This book review is reprinted with the permission of the American Institute of Homeopathy
The Spirit of Homeopathic Medicines
by Didier Grandgeorge, M.D.
221 pages, paperback. $20
Reviewed by George Guess, M.D., D.Ht.
I am unfamiliar with Dr. Grandgeorge; however, based upon his book The Spirit of Homeopathic Medicines, I can surmise that he is a very experienced and insightful prescriber. And he makes homeopathy seem so easy!
This book could perhaps best be described as a collection of "essence" confirmatory symptoms of materia medica pearls consisting of extremely distilled psychological or thematic essences which are often just a word or short phrase. A few additional symptoms for each remedy are provided as well, and a large number of case illustrations are included.
In several of the cases Dr. Grandgeorge either confirmed or was put on the track of the remedy by a brief comment. I suspect the actual dialogues that took place between Dr. Grandgeorge and patients were considerably more extensive than those recorded in this book. If not, Grandgeorge's questioning is remarkably incisive and even intuitive.
Though this volume makes homeopathy seem simplistic, clearly it is not. The experienced homeopath knows this and can appreciate the depth of Grandgeorge's vision. Neophytes, on the other hand, could easily get the wrong impression of homeopathic method from this book. They certainly could not begin to appreciate the often complex sifting of symptom data frequently required to make an accurate prescription. For this reason I would recommend that the book be studied mostly by experienced homeopaths!
This book is a pleasure to read, and it offers some revealing and at times surprising information. Grandgeorge's uncluttered writing style helps drive home his points. Following are some examples of what appear to me original remedy descriptions.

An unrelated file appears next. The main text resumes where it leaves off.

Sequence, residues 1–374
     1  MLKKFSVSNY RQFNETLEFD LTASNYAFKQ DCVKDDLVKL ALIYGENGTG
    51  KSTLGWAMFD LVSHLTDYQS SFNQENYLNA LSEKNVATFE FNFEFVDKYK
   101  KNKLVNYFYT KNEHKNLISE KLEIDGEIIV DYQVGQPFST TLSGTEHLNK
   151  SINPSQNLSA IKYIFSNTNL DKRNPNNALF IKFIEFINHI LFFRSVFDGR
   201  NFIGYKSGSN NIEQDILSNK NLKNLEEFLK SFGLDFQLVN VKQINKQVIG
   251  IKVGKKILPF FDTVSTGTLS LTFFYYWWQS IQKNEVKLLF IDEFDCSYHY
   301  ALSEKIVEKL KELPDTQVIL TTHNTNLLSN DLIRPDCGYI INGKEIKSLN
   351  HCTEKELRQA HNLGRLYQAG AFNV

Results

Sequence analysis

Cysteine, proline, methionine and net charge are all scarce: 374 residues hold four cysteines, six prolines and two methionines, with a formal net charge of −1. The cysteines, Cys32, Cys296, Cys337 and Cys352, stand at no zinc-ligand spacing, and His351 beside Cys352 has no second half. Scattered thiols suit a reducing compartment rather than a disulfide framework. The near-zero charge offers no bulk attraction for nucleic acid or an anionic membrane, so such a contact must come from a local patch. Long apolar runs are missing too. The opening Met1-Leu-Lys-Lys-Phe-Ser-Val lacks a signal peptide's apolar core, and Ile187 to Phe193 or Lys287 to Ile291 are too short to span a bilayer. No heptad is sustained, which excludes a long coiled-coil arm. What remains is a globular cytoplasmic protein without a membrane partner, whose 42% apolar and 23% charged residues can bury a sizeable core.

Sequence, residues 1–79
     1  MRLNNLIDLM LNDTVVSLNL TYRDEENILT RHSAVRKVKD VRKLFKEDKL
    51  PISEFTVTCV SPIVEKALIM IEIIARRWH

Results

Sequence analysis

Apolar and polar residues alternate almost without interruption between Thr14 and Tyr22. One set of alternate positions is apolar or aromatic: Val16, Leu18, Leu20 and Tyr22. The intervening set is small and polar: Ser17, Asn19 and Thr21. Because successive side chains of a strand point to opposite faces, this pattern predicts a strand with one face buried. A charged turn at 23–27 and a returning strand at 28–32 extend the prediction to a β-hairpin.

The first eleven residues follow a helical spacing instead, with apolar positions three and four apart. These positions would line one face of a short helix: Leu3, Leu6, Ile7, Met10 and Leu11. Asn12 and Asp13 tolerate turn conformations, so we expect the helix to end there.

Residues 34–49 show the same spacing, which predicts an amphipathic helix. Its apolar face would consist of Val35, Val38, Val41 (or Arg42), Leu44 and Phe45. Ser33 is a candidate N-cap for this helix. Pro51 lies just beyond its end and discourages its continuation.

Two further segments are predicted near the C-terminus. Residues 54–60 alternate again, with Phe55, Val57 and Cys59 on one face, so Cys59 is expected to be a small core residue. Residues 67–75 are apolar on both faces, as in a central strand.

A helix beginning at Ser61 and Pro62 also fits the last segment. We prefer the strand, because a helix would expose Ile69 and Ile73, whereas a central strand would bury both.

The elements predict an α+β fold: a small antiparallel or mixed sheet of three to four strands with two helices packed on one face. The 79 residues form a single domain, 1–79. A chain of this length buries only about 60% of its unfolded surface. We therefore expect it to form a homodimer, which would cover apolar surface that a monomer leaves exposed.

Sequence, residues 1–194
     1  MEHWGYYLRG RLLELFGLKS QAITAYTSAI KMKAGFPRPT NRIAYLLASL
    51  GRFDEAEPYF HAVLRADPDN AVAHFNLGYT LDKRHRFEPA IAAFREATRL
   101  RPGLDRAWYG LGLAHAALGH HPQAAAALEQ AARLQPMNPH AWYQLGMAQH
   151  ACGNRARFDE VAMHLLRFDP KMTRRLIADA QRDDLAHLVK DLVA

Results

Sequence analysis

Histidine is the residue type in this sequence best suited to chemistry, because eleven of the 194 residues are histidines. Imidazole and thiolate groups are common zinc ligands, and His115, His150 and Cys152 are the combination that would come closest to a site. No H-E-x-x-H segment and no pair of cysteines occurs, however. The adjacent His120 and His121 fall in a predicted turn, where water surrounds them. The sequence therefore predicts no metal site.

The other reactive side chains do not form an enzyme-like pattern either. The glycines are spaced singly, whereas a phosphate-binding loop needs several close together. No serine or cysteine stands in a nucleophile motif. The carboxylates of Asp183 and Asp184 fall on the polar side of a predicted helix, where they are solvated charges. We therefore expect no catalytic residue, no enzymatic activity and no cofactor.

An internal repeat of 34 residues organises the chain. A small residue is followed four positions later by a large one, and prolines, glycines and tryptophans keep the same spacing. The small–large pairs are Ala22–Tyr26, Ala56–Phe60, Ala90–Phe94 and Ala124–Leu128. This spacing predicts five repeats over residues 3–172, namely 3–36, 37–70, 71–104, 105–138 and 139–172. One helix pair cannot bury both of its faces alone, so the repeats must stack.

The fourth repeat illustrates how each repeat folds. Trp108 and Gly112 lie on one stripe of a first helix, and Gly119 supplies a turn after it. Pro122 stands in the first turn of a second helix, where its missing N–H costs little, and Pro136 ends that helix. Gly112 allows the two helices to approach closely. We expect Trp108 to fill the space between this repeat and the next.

Curare: "Refusal of Self Responsibility .... helpful for children who do not want to do anything for themselves when they are older .... a poison which paralyzes and prevents any action."
Caladium: "Up in Smoke... Dazed and melancholic, they live in a permanent cloud of smoke that masks the thorny reality outside. They would like the world to exist without a single shadow entering the picture, but there is always some small detail that disappoints them."
Tellurium: "Fear of Being Touched on Sensitive Spots ... corresponds to people who are shaken to the depths of their soul by one hurtful remark that strikes a sensitive chord."
Digitalis: "Failure.... too vulnerable to failed plans. They are full of anxiety about the future... Digitalis is an introvert who does not do things wholeheartedly."
Cocculus: "Controlling the Movements of Life... Cocculus wants to know the secrets of life and to control its movements, which gives rise to a sort of charitable nosiness, pushing these individuals into professions such as nursing, medicine, and psychoanalysis."
Sulphuric acid: "The Accident... The theme of accidents is one of the most important for people who benefit from Sulphuricum acidum. Somewhere in their history, there was an accident that changed everything, an accident for which they felt responsible (or for which a feeling of guilt has been transmitted to them). It may be an illegitimate birth experienced as an accident by the family, or a real accident with loss of a loved one."
Urtica urens: "The Death of the Father... often indicated in families where the members have been marked by the death of the father, whether physical or psychological (the father was absent or overshadowed by the mother).
In the original French the book is full of word plays and witticisms, which the translator, Juliana Barnard, describes in footnotes.
All in all I can readily recommend this book as a revealing and amusing addition to our materia medica.
JAIH Autumn 1998, Vol. 91, No. 3